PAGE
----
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Judge rules Manning must face aiding the enemy charge in WikLeaks case

Fort Meade, Md.

Manning must face aiding enemy charge

The judge in the court-martial of Army Pfc. Bradley Manning refused Thursday to dismiss the most serious charge against him, damaging his prospects for emerging from the trial as a whistle-blower concerned about government abuse rather than a disgruntled soldier driven to assist al-Qaida. The decision by Col. Denise Lind upholding the charge of aiding the enemy signaled she may be preparing to find Manning guilty. This could mean Manning, who gave the antisecrecy organization WikiLeaks more than 700,000 U.S. intelligence files, videos and diplomatic cables, might spend the rest of his life in a military brig with no chance of parole.

Panama City, Panama

Former CIA station chief is arrested

Panamanian authorities have arrested a retired CIA station chief who was convicted in absentia in Italy for kidnapping an Egyptian cleric who was accused of terrorism and then sent back to Egypt for questioning and a jail term, Italian media reported. Robert Seldon Lady was the CIA station chief in Milan when Osama Moustafa Hassan Nasr was pulled from the streets of that city as part of an operation that Italian prosecutors later said involved 22 American agents, all of whom fled Italy soon afterward. Italy's main news agency, ANSA, reported that Lady was detained in Panama and that Italian Justice Minister Anna Maria Cancellieri would have two months to request his extradition.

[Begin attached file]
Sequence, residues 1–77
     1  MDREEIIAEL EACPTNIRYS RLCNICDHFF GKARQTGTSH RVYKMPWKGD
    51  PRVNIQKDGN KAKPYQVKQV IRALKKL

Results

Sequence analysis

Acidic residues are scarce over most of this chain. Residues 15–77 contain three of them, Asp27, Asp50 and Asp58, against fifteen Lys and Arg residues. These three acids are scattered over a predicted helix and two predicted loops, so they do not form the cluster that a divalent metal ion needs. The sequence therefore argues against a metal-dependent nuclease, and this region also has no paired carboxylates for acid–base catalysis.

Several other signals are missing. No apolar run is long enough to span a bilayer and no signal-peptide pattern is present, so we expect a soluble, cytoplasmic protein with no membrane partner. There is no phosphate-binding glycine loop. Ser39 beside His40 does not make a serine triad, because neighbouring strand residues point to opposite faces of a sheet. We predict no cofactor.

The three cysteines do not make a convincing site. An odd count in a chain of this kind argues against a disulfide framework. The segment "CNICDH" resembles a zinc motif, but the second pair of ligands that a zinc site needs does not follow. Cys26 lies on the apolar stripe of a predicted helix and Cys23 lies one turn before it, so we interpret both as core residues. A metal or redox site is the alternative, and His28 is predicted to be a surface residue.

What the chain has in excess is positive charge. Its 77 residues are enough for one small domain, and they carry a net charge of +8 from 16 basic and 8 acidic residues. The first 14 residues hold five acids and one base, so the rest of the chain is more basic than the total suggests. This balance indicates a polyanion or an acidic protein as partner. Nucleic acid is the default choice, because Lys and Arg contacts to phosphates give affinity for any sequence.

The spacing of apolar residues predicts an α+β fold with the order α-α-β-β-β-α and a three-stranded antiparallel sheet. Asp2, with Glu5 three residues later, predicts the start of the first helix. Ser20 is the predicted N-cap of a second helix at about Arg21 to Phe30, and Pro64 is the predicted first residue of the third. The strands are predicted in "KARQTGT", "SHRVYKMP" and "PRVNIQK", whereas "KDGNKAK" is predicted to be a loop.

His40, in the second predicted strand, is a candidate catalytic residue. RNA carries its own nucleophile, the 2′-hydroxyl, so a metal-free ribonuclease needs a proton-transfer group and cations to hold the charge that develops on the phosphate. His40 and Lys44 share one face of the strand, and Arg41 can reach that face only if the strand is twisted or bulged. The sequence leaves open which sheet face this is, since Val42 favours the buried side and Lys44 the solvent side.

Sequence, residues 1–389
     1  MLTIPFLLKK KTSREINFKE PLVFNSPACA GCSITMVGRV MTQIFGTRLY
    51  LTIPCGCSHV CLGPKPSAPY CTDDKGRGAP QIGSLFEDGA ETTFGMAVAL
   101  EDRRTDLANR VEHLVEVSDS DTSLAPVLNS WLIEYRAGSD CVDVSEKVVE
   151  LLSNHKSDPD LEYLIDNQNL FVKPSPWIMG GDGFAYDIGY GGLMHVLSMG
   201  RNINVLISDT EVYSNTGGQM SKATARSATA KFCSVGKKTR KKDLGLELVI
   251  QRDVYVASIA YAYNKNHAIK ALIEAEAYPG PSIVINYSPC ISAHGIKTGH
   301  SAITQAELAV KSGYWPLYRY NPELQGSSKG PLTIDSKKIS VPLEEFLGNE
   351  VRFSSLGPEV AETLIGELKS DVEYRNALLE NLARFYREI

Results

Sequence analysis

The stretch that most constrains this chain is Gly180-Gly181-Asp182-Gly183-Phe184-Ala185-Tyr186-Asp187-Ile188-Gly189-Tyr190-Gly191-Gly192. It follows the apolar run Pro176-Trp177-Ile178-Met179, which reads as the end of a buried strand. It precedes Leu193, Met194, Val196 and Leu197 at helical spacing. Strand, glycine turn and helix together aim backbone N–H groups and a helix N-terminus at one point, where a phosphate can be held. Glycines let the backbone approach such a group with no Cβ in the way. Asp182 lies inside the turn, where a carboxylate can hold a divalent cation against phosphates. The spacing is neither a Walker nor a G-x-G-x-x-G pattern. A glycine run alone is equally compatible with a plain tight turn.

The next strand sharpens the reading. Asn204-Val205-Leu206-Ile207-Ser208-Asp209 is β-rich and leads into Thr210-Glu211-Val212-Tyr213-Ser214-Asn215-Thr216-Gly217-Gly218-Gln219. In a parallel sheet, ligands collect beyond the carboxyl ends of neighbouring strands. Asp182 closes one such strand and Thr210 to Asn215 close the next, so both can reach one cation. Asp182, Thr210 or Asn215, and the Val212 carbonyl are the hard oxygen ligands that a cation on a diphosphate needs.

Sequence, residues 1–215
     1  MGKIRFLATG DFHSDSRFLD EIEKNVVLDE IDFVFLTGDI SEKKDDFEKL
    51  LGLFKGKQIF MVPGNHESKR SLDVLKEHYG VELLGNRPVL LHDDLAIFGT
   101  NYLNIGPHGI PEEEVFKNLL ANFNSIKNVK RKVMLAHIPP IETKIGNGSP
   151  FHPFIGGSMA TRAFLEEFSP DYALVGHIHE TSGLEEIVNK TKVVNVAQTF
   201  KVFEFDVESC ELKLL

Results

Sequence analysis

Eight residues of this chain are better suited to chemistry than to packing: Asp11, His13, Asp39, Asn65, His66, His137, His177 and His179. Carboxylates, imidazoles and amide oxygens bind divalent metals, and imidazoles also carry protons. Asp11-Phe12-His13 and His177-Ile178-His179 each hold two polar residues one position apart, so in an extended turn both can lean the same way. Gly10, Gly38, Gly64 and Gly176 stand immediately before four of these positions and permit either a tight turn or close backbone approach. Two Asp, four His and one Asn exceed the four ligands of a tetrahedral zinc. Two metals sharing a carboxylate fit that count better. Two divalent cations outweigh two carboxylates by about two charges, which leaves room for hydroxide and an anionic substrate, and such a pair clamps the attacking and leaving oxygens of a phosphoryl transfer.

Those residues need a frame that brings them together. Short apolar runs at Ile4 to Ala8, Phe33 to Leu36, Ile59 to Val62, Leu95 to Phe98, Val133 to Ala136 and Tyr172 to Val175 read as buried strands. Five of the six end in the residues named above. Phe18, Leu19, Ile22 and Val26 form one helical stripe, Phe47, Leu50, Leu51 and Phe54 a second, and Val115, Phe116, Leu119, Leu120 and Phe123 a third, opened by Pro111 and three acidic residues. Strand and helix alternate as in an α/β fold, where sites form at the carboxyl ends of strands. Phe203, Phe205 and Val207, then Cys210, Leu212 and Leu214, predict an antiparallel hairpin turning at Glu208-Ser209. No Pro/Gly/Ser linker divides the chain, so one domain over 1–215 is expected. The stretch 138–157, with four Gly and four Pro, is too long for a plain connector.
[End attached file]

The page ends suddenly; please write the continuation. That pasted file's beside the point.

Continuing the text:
Boston

Potential Bulger witness found dead

A man who had hoped to testify in the ongoing racketeering trial of reputed mobster James "Whitey" Bulger and openly despised him has been found dead, authorities said Thursday. A jogger found the body of Stephen Rakes on Wednesday afternoon in woods on the side of a street in Lincoln, Mass. Officials said they found no signs of trauma. Authorities conducted an autopsy Thursday and were awaiting results of toxicology tests to determine the 59-year-old Quincy man's cause of death.

Grosseto, Italy

Captain requests tests on shipwreck

The captain of the capsized Costa Concordia asked the judge at his manslaughter trial Thursday to order tests on the cruise liner's wreckage to determine why electrical and other systems failed after the vessel struck a reef off an Italian island in 2012, killing 32 people. The outcome of the request from Francesco Schettino, the sole defendant, won't be known until at least September. After only two full days of hearings, the judge Thursday adjourned the trial until Sept. 23 for summer break.

Elsewhere

Jordan: Angry Syrian refugees confronted visiting Secretary of State John Kerry on Thursday with demands for the United States and the international community to do more to help opponents of President Bashar Assad's regime.

Harrisburg, Pa.: Penn State University has reached tentative settlements totaling about $60 million so far with men who claim to have been sexually abused by former assistant football coach Jerry Sandusky, a trustee said Thursday.

San Francisco: The University of California governing board has approved Homeland Security Secretary Janet Napolitano as the first female president of the 10-campus college system.

Times wires

Judge rules Manning must face aiding the enemy charge in WikLeaks case 07/18/13 [Last modified: Thursday, July 18, 2013 10:12pm]
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